TLS Continuum Part 87: Processes Gone Awry

First of all, let me extend my regrets for not keeping better in touch but I and my family have been fighting this bug that is flying around. Not the flu but close to it. It sucks to be under the weather.

This past week has been filled with more irony then I would want to have to experience but I did. It began with attending my local SHRM chapter meeting where the topic of the day was what to do in the case of an active shooter. During the presentation, my phone beeped with the shooter at the National Security Agency at Ft, Meade and then several hours later we experienced the shooting in Parkland and at the Marjory Stoneham Douglas High School which left 17 dead.

The final stage of the TLS Continuum calls for the creation of a standard of work. In the process improvement area, a standard of work. As defined by the website ISixSigma , a standard of work  is a detailed definition of the most efficient method to produce a product (or perform a service) at a balanced flow to achieve a desired output rate. It breaks down the work into elements, which are sequenced, organized and repeatedly followed.

This past week has shown that when we don’t follow that standard of work, potentially we can endure some dramatically harmful results for your organization. Reportedly the various agencies involved had a process for dealing with individuals like the Parkland shooter. However, at the same time, apparently those processes were not followed as they should have. We can if we look around see other examples of this situation:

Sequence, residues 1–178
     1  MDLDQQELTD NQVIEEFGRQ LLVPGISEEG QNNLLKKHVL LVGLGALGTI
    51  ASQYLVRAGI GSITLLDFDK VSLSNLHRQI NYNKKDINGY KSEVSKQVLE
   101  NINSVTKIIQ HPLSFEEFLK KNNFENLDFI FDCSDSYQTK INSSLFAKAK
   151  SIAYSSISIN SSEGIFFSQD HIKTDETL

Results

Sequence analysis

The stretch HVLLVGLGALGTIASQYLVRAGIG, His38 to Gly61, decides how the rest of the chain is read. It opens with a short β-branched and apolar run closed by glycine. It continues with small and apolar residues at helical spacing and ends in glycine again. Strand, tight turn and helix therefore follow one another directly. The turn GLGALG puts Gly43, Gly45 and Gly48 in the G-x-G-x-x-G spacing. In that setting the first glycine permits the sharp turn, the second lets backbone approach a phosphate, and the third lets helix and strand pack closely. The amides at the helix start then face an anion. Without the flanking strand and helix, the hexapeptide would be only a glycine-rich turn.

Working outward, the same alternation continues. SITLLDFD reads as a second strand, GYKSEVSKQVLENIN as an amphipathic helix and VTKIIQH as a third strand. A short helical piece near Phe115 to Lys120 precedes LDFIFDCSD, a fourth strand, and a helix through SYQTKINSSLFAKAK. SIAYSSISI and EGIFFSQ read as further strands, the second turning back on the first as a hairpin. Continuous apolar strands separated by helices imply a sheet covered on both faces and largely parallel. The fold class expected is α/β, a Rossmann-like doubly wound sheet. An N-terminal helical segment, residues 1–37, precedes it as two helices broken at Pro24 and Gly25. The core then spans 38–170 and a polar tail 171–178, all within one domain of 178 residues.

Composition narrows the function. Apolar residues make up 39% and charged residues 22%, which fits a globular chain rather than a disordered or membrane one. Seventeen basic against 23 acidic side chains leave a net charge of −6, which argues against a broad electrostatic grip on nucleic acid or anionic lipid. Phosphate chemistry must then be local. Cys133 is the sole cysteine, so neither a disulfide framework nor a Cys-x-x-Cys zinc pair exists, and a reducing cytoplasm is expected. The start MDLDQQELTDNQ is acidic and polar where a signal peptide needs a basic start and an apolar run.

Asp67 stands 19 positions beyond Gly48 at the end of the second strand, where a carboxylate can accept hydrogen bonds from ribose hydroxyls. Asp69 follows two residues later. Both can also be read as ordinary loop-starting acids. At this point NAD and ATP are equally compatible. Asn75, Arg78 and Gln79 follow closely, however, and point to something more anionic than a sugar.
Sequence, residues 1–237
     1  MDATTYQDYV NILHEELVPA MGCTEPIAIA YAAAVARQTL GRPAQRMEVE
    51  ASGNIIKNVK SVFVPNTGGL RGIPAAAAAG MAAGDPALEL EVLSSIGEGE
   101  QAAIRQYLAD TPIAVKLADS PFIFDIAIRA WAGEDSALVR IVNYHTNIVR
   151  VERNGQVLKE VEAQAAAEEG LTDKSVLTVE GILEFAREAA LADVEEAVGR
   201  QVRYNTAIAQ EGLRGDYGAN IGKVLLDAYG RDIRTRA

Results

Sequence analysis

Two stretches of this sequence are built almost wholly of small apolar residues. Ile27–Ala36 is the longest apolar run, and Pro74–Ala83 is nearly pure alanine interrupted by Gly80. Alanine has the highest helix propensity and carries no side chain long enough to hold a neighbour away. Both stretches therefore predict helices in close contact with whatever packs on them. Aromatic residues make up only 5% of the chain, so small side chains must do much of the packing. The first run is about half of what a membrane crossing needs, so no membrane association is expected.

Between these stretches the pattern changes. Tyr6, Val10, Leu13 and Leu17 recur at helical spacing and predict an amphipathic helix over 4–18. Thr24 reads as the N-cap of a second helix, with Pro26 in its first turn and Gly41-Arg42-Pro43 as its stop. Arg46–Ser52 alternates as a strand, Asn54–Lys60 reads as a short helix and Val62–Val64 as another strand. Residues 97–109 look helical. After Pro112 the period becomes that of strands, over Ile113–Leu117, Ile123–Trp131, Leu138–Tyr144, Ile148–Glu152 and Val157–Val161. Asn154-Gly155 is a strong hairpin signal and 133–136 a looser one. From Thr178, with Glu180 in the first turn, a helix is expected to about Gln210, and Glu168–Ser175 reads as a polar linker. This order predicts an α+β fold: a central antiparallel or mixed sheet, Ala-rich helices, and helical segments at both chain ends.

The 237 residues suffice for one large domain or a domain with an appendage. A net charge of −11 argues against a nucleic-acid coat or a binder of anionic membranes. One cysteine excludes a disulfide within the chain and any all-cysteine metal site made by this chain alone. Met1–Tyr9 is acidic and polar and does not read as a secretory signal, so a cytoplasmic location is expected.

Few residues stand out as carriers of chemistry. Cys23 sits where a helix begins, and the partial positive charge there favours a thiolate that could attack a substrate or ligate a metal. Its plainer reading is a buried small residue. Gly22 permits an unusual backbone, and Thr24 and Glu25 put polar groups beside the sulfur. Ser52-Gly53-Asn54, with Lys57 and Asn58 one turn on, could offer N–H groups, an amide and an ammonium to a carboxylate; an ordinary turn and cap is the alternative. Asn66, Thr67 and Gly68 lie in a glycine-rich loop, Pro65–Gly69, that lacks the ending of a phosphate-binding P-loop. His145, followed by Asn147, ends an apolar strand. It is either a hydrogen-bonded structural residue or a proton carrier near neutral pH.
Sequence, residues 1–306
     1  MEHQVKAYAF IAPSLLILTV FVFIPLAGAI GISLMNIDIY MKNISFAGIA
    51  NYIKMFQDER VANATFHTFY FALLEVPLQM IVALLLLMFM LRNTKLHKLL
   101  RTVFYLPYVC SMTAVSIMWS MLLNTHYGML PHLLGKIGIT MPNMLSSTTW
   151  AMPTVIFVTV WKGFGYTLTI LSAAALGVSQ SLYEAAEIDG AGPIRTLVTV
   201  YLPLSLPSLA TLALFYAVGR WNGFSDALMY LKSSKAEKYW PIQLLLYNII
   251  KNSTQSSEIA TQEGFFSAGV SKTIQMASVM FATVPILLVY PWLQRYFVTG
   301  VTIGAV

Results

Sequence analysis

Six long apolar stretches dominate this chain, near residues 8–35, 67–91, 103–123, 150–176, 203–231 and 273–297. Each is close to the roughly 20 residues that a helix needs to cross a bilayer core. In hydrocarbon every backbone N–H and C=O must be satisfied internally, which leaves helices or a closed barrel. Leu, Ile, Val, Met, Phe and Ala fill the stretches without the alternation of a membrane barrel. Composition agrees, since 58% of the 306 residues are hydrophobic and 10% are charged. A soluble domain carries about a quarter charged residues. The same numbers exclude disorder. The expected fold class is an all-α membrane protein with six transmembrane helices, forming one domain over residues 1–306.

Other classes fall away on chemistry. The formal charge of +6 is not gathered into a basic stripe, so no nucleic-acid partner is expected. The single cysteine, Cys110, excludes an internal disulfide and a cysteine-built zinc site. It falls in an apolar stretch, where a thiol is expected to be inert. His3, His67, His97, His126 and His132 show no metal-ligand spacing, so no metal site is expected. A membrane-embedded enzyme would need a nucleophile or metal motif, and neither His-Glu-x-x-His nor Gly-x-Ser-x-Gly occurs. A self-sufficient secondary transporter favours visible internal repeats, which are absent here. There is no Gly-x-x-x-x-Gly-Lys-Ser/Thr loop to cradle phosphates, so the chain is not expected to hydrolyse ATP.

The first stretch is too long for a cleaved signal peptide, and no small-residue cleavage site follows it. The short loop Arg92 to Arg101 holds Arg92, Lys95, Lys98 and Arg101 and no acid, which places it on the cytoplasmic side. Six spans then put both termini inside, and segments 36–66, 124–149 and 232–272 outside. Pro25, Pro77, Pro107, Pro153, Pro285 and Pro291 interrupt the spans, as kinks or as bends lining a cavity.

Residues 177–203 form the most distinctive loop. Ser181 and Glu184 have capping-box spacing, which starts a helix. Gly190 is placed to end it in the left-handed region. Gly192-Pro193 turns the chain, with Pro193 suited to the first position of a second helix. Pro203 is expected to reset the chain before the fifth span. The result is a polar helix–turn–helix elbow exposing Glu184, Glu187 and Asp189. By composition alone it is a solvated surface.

• the Defense department has said that there are 7000 individuals who should have been entered in the National Background System to stop them from buying firearms due to domestic violence events but have not entered.
  • The FBI forwarded a tip about the Parkland shooter to the Miami field office and it slipped through the cracks.
  • The Broward social services people got a tip and determined despite evidence to the contrary that the Parkland shooter was not a threat.

Our standards of work are critical to the organization. They set out in easily understood and in clear view what our processes are expected to do. Whether you are in the mailroom or the C-Suite, you are provided with a clear picture of how to handle a particular situation. When we have individuals within your organization who believe that they know best and try and go around the standard of work, the entire organization suffers. You no longer are performing in the interest of the easy organizational flow. We clearly know that functioning in a silo situation is an indicator of waste. It leads to a spread of non-value-added activities.

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